An introduction to medical translation
By Cristina Ponte, Quality Controller at Nóvalo
After several years as specialized translator, I have gathered a whole lot of knowledge and expertise that ranges from specialized terms to writing skills, from cultural considerations to competency with computer tools. And that personal knowledge base has been fed mostly by the specialty area which, as fate would have it, I like the most and in which I feel more comfortable working daily: medical translation. It is for this reason that I decided to focus this one and other futures articles on the field I consider myself more prepared for. Thus, this is the very first of a series of posts related to medical translation that will seek to support inexperienced translators who, as I did a few years back, want to take the path toward translation in the field of life sciences. This first post is just a short introduction to the subject, vast like few others, but if I look back and see myself staring at the first medical texts I had to translate —huge challenges for me—, I would have very much appreciated having at hand some of this information and details, as elementary as they may seem, to help me grow as a professional. I just hope the following considerations help you this time. Let’s get started…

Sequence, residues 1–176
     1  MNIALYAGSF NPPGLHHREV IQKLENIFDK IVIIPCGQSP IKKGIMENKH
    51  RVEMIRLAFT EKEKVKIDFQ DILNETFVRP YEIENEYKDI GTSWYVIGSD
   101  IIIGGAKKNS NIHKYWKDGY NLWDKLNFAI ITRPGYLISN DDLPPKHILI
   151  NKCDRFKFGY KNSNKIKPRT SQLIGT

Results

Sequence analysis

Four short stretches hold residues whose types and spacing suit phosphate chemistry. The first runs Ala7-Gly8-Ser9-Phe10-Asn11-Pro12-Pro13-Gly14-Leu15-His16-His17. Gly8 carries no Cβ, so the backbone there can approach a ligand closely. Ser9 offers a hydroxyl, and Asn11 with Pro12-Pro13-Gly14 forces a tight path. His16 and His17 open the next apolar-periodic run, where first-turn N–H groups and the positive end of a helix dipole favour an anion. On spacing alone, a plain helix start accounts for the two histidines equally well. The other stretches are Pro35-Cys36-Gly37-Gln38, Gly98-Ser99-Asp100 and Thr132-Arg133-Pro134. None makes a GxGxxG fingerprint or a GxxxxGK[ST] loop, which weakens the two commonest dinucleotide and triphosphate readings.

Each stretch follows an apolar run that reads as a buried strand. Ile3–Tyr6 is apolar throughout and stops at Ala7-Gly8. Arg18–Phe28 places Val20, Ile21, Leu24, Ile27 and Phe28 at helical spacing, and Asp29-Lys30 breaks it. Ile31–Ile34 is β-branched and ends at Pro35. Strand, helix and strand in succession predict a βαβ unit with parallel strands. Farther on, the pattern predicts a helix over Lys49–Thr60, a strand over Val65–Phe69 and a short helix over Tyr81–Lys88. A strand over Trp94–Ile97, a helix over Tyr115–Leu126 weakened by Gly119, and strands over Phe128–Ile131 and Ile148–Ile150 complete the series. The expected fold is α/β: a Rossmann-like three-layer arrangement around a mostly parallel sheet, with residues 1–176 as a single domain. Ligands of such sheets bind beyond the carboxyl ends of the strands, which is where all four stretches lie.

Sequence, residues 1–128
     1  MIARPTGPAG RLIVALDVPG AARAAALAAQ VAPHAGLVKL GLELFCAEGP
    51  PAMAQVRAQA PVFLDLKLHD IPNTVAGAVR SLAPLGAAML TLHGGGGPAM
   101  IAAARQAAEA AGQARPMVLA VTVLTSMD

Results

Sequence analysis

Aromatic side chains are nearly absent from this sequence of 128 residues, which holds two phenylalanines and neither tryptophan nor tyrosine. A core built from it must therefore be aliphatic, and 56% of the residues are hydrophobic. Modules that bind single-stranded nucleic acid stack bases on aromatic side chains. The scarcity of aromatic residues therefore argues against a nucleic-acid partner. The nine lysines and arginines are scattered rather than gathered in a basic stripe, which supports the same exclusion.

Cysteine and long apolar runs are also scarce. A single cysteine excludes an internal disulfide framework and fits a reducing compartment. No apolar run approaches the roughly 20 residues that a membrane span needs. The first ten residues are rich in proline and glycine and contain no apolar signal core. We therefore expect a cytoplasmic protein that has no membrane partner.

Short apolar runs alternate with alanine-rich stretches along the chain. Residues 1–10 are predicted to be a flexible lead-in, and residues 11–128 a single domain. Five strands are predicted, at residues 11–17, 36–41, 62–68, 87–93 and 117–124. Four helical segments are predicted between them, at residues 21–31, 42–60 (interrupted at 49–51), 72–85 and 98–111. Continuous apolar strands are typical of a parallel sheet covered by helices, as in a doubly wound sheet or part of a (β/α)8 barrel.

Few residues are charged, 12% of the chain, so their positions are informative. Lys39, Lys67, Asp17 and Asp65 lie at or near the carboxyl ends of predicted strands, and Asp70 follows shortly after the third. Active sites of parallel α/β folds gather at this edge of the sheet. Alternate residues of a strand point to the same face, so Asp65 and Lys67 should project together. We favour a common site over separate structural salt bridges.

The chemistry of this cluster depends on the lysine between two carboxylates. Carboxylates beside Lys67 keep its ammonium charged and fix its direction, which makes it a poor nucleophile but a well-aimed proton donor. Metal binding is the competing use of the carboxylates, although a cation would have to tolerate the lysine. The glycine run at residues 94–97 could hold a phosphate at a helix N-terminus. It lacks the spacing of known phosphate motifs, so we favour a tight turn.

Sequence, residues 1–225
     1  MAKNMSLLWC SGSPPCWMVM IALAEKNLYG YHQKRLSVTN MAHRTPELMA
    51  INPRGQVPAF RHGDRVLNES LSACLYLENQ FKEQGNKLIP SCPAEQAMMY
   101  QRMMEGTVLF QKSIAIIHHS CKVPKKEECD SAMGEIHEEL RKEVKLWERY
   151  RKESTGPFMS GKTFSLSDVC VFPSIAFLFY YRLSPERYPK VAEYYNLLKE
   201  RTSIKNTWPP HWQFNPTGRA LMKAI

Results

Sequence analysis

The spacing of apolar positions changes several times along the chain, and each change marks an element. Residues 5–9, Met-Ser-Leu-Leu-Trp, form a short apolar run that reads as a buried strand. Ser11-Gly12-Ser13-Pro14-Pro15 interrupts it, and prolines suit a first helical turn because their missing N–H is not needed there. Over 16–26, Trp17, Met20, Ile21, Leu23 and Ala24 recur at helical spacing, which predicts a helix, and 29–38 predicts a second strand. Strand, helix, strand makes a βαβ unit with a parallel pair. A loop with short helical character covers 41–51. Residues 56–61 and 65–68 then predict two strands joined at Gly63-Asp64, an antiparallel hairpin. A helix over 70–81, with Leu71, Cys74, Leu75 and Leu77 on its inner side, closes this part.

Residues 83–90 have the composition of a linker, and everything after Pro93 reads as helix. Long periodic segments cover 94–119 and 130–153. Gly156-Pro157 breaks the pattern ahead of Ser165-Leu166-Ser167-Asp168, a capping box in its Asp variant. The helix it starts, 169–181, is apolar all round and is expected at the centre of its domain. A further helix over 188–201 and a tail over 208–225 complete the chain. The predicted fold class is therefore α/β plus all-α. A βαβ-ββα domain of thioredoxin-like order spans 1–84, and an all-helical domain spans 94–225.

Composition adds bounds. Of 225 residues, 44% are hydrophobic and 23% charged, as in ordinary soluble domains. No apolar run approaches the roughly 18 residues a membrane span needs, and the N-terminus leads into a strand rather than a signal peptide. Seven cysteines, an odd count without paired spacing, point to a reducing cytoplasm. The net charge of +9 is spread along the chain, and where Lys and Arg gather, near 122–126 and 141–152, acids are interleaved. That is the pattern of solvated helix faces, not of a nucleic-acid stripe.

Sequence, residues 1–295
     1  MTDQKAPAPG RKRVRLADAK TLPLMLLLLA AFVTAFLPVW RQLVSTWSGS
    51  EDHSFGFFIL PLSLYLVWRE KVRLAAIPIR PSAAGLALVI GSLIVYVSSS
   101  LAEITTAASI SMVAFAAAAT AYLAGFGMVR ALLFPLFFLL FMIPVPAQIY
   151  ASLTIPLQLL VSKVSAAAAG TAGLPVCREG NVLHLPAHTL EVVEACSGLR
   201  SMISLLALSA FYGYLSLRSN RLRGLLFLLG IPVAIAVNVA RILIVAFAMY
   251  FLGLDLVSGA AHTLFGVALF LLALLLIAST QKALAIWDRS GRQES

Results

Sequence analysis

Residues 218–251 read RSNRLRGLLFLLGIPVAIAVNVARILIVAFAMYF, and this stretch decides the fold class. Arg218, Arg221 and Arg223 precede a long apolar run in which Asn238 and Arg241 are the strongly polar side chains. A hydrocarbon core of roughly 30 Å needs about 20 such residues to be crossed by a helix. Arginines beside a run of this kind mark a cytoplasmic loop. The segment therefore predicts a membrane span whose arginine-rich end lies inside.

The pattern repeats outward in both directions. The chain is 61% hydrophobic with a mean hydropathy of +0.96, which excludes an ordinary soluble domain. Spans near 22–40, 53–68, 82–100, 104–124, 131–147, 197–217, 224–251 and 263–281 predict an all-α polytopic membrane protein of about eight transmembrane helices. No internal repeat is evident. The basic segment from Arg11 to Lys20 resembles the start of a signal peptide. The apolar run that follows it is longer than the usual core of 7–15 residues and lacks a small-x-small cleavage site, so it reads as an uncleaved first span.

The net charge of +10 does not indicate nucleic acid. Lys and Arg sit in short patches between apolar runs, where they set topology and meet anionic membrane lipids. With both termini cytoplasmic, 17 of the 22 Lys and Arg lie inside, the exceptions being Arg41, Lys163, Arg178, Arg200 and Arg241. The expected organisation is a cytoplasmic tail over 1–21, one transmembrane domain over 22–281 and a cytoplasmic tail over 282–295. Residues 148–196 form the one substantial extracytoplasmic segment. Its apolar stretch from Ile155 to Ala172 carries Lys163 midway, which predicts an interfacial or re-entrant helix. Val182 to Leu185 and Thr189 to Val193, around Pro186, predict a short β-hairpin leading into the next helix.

the science that deals with preventing, curing, and treating diseases.
A definition way too short given the humongous extension of the concept, as «the science that deals with preventing, curing, and treating diseases» by no means is limited to one single branch of knowledge, but quite the contrary: it encompasses countless closely linked areas and disciplines. Not only the multiple medical specialties —such as pediatrics, surgery or radiotherapy—, but also other related sciences —as biochemistry, microbiology or pharmacology—.